Researchers hijack control of Torpig botnet

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A group of researchers at the University of California, Santa Barbara, have infiltrated the Torpig botnet, which was found to be in control of hundreds of thousands of computers that were volunteering gigabytes of sensitive information.

The eight researchers, who actually took over the botnet for 10 days by seizing its command-and-control (C&C) channel, observed 180,000 infections and recorded more than 70 gigabytes of harvested data before losing control. In a paper reporting the results of their work, the researchers said that at one point data was being uploaded to them every 20 minutes.

Torpig is an advanced piece of crimeware, typically associated with bank account and credit card theft, according to the researchers, who work in the university's Department of Computer Science. Torpig uses a C&C technique that has also been adapted by the Conficker botmasters. That is, each infected bot periodically generates a list of domains to contact. The first server that sends a valid C&C reply is considered genuine.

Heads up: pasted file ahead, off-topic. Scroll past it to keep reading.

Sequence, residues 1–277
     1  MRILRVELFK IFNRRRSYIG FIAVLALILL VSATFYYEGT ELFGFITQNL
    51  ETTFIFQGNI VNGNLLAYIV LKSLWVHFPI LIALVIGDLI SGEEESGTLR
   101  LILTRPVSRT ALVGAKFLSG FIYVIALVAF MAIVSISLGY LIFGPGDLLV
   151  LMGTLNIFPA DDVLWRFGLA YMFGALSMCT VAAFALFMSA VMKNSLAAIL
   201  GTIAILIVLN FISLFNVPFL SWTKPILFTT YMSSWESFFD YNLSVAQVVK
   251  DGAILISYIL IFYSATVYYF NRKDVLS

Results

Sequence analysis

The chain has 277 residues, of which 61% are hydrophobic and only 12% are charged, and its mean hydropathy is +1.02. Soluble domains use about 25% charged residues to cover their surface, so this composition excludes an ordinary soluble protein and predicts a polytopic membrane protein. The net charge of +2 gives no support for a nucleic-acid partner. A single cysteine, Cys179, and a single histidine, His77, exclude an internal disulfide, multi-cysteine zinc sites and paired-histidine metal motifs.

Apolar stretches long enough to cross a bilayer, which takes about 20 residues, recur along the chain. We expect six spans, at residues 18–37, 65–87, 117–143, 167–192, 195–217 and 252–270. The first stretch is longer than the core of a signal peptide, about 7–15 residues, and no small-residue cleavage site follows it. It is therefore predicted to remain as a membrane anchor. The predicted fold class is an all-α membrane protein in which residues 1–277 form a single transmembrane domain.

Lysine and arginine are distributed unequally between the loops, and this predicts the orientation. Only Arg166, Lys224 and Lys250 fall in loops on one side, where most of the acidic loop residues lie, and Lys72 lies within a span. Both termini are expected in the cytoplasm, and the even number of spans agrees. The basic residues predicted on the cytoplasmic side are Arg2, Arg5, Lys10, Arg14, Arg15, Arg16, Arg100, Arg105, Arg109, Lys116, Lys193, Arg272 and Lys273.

The researchers used information about the Torpig domain generation algorithm to quickly register domains that the infected bots would contact – before the bot herders did. Then, when provided a valid response, the infected bots accepted the researcher's servers as genuine.

Among their findings, the researchers learned that typical evaluations of botnet sizes, based on the count of distinct IPs, might be overestimated.

“We found that, in our case, the number of unique IPs was one order of magnitude larger than the actual number of infected hosts,” they wrote in the report.

They also said that the victims of botnets are generally users with poorly maintained machines. Victims invariably choose easily guessed passwords to protect access to sensitive sites.

“This is evidence that the malware problem is fundamentally a cultural problem,” they wrote. “Even though people are educated and understand concepts such as physical security and the necessary maintenance of a car, they do not understand the consequences of irresponsible behavior when using a computer.”

In addition, the researchers said that interacting with registrars, hosting facilities, victim institutions, and law enforcement is a complicated process.

“However, a few simple rules of behavior imposed by the U.S. government would go a long way toward preventing malicious internet behavior,” they wrote. “Even though botnets are a global problem, the United States could effectively enforce rules of behavior that might make it harder for botmasters to use the nation's cyberinfrastructure with impunity.”

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